Midtown Phoenix, the linear business district defined by 20-story office towers set back from the street with big parking garages, is beginning to change. New residential projects are filling in some of the gaps between the business high-rises, and in a few cases existing businesses and even houses are giving way to new development. Enhancements to pedestrian and bicycling infrastructure continue as part of the Reinvent Phoenix vision. Alexi’s Grill, popular in Midtown for over two decades, seems to stay much the same even as the neighborhood is transformed.
Alexi’s is located in an office tower across from the Phoenix Financial Center and a short walk from the Obsorn / Central light rail station. There’s a big sign identifying the restaurant along Central Avenue, but the entrance faces the restaurant’s circular parking lot, a use of land that is likely to persist even as new apartments are proposed for vacant land nearby. Keeping with the car-centric design, there’s nary a bike rack outside the restaurant or the office building it occupies, but some inverted Us can be found on both sides of Central just south of Osborn.
More than 20 years of continuous operation is impressive, especially without dramatic changes. The restaurant has had a bit of an old-school feeling ever since it first opened in 1994, and most of the clientele, which often includes business and government leaders, seem content with that. The cuisine has Italian and Greek influences and might have at one time been described as “continental, “ a classification seldom seen today, but still an apt way of describing a mix of cuisines from Europe, usually presented in a non-threatening, semi-Americanized format.
Alexi’s entrance leads immediately a host station with dining rooms on each side, each decorated in muted tones. It’s a look that has more to do with classic comfort than cutting edge design, although the patio can offer a more urban feeling with its view of passing trains and punchcard-looking Phoenix Financial Center across the street. The patio, along with the small bar inside, is the place to enjoy the restaurant’s happy hour bargains, including both glasses of wine and selected appetizers and small plates for $5 in the late afternoon and early evening.
The wine selection, like the food, draws heavily from western Europe and the Mediterranean. Expect a selection of Italian and domestic vintages with occasional guests from elsewhere. Beer isn’t a big emphasis here, but there are a few draft choices and about dozen more bottled options with New Belgium brews the most interesting on the menu. Among the appetizers, the most easily shared option is the bruschetta, a mix of two traditional slices with basil, garlic, and tomato and two slices of “Alexi’s special” with roasted red peppers and feta cheese.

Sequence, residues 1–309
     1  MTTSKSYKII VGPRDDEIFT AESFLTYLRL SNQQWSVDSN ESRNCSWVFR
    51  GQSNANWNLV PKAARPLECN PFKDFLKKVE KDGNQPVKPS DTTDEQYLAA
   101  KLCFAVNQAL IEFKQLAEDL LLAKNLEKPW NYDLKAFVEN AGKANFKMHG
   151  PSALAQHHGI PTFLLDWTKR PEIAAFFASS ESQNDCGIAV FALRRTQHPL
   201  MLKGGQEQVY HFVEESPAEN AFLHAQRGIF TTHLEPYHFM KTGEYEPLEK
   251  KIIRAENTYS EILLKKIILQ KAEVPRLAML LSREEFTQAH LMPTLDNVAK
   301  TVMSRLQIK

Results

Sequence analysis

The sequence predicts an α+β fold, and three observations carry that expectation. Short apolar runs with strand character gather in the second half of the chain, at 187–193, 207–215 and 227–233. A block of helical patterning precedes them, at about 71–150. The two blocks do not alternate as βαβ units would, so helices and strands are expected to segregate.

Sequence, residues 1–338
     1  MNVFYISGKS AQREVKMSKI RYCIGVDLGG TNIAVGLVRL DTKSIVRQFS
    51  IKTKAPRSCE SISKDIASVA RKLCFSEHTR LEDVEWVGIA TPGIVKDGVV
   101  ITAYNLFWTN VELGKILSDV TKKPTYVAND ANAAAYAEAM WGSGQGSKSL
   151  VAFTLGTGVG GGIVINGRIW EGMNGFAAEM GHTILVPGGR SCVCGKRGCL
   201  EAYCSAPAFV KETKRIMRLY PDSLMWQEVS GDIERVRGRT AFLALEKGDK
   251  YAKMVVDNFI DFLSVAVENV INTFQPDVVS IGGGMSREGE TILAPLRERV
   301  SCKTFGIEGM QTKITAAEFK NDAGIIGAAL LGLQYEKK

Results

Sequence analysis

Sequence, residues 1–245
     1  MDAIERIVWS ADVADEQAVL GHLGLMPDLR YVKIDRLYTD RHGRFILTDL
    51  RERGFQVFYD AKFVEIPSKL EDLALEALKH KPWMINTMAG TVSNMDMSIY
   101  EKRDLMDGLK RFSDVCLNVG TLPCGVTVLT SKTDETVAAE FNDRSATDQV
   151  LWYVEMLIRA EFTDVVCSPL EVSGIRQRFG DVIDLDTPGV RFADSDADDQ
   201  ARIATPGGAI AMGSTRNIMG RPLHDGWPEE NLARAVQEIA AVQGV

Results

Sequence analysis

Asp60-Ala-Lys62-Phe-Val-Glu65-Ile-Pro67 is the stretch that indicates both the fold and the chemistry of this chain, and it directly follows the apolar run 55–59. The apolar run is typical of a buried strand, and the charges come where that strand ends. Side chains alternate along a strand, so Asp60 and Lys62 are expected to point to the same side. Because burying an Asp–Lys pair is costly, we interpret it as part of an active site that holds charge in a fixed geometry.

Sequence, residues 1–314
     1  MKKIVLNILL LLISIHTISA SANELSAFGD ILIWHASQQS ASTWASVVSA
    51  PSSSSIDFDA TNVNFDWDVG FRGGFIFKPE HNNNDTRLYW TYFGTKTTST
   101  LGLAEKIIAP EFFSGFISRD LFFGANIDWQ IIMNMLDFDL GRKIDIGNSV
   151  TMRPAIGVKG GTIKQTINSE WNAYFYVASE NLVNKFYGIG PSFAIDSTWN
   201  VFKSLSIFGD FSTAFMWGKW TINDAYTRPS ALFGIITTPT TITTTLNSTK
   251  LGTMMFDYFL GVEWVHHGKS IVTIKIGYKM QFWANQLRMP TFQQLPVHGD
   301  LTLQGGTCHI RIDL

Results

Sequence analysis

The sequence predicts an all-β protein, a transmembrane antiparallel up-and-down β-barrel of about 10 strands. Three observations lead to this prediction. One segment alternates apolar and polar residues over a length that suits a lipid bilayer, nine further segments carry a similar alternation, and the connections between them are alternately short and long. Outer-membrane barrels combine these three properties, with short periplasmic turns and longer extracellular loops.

Beyond the $5 items at happy hour, Alexi’s adds value to lunch and dinner entrees with a choice of soup or salad. The soups are a rotating selection, but always among the familiar. Recent choices have included beef barley and minestrone, both serviceable versions of classics with hearty tomato base. The house salad is a standard mix of lettuces, mostly romaine, with wedges of tomato and a simple vinaigrette. A Caesar with blackened chicken has a mild barbecue sauce taste — one of several American touches that coexist with the Mediterranean influences.
Entrees at Alexi’s include a few steaks but emphasize chicken and seafood. Look for poultry in classic preparations such as picatta, marsala, francese — sauces that combines wine, herbs, and some butter or oil. On the lunch menu, there are a selection of pita sandwiches with fillings such as grilled chicken, gyros meat, or mildly spiced Italian sausage in with peppers, tomato sauce, and plenty of feta cheese, a frequent ingredient on the menu at Alexi’s. The sandwiches come with an option of a side salad or shoestring fries perfect for dipping in tzatziki.
Fish availability varies, but salmon, trout, halibut, and sea bass seem to be almost always available with some guest appearances by the likes of red snapper. Whichever species is designated “catch of the day” is available with either a Mexican-influenced Veracruzano sauce or fra diavolo, the spicy variant of marinara found in Italian-American cooking. On any given day, other types of fish are offered as specials such as sea bass with a sauce of red pepper, cilantro, and lemon. Most of these come with rice, potatoes, or a standard vegetable assortment.
Pasta is also abundant at Alexi’s. Often, noodles form a bed on which the chicken and seafood dishes rest, but others bring the pasta out front with various parmigiana dishes or linguine with clam sauce. Vodka tortellini leans in a Southwestern direction with black beans and a jalapeno-tinged alfredo sauce. If pastas are among the more affordable entrees, there’s a selection labeled “specialties” at the other end of the spectrum. These are the hallmarks of continental menus — classic dishes such as rack of lamb, veal chop, and roast duck.
Desserts are also in a classic vein. There’s an airy and rich chocolate mousse, and a denser and equally decadent flan. With this much tradition in the menu, it might be tempting to wonder how Alexi’s might fit into an eventually transformed Midtown. Chances are it will continue as it has. Over time, Midtown may adopt a more pedestrian scale and attract young professionals to new apartments and condominiums, but there will always be ties to the past, whether the midcentury architecture of the Phoenix Financial Center or the continental cuisine of Alexi’s Grill.
3350 N. Central Ave., #120, Phoenix AZ 85012